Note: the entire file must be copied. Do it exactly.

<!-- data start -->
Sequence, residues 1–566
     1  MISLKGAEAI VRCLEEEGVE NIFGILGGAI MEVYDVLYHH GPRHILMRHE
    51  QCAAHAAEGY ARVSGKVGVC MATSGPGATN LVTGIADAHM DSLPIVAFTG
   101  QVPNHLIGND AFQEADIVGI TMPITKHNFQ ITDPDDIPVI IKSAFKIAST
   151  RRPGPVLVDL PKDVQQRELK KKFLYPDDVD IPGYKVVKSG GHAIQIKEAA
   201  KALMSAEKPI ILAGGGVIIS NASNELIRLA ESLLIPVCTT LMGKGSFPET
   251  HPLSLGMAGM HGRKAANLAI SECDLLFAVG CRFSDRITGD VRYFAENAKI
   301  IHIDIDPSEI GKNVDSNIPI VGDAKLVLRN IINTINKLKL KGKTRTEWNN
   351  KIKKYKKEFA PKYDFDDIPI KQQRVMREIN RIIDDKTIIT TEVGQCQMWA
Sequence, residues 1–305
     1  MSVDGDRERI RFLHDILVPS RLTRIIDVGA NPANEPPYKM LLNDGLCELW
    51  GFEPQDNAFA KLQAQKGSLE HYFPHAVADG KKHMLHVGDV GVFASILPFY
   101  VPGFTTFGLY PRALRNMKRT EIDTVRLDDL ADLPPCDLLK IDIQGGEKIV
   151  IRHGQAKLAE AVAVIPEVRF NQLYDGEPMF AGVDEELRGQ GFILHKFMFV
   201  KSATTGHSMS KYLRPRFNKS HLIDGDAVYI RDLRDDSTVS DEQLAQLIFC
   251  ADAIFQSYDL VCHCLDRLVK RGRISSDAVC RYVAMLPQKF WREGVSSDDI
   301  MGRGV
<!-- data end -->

Sequence, residues 1–566
     1  MISLKGAEAI VRCLEEEGVE NIFGILGGAI MEVYDVLYHH GPRHILMRHE
    51  QCAAHAAEGY ARVSGKVGVC MATSGPGATN LVTGIADAHM DSLPIVAFTG
   101  QVPNHLIGND AFQEADIVGI TMPITKHNFQ ITDPDDIPVI IKSAFKIAST
   151  RRPGPVLVDL PKDVQQRELK KKFLYPDDVD IPGYKVVKSG GHAIQIKEAA
   201  KALMSAEKPI ILAGGGVIIS NASNELIRLA ESLLIPVCTT LMGKGSFPET
   251  HPLSLGMAGM HGRKAANLAI SECDLLFAVG CRFSDRITGD VRYFAENAKI
   301  IHIDIDPSEI GKNVDSNIPI VGDAKLVLRN IINTINKLKL KGKTRTEWNN
   351  KIKKYKKEFA PKYDFDDIPI KQQRVMREIN RIIDDKTIIT TEVGQCQMWA
Sequence, residues 1–305
     1  MSVDGDRERI RFLHDILVPS RLTRIIDVGA NPANEPPYKM LLNDGLCELW
    51  GFEPQDNAFA KLQAQKGSLE HYFPHAVADG KKHMLHVGDV GVFASILPFY
   101  VPGFTTFGLY PRALRNMKRT EIDTVRLDDL ADLPPCDLLK IDIQGGEKIV
   151  IRHGQAKLAE AVAVIPEVRF NQLYDGEPMF AGVDEELRGQ GFILHKFMFV
   201  KSATTGHSMS KYLRPRFNKS HLIDGDAVYI RDLRDDSTVS DEQLAQLIFC
   251  ADAIFQSYDL VCHCLDRLVK RGRISSDAVC RYVAMLPQKF WREGVSSDDI
   301  MGRGV